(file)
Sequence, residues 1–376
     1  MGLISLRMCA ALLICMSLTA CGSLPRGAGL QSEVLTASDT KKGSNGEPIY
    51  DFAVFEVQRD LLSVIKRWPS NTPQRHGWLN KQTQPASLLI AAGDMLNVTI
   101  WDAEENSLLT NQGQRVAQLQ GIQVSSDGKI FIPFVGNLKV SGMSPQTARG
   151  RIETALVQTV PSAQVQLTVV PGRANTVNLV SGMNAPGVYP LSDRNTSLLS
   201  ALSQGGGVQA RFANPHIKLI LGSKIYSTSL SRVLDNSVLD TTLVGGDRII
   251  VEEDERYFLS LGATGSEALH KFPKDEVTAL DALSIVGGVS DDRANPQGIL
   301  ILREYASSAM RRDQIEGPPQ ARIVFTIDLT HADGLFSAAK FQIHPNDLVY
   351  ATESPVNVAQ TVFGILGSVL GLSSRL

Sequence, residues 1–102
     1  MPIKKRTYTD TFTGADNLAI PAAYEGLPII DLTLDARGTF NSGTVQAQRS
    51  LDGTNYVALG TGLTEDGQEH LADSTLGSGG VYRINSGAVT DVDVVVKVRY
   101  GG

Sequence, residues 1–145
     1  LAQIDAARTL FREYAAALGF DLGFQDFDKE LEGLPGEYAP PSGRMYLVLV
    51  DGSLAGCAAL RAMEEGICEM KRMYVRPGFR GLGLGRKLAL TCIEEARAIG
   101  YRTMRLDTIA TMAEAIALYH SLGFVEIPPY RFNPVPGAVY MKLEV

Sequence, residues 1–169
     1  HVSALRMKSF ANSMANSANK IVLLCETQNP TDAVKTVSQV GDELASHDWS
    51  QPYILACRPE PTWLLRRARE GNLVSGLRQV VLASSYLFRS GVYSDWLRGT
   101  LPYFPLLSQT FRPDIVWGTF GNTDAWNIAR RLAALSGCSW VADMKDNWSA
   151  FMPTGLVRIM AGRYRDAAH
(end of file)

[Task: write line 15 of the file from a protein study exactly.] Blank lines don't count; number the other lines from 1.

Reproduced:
     1  LAQIDAARTL FREYAAALGF DLGFQDFDKE LEGLPGEYAP PSGRMYLVLV